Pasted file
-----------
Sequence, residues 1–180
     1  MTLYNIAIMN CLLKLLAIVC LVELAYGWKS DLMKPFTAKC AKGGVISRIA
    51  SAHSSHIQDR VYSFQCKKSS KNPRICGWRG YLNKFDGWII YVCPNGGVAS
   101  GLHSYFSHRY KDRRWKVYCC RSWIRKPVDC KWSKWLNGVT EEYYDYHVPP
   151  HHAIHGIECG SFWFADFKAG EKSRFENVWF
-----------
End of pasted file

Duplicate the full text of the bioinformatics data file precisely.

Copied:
Sequence, residues 1–180
     1  MTLYNIAIMN CLLKLLAIVC LVELAYGWKS DLMKPFTAKC AKGGVISRIA
    51  SAHSSHIQDR VYSFQCKKSS KNPRICGWRG YLNKFDGWII YVCPNGGVAS
   101  GLHSYFSHRY KDRRWKVYCC RSWIRKPVDC KWSKWLNGVT EEYYDYHVPP
   151  HHAIHGIECG SFWFADFKAG EKSRFENVWF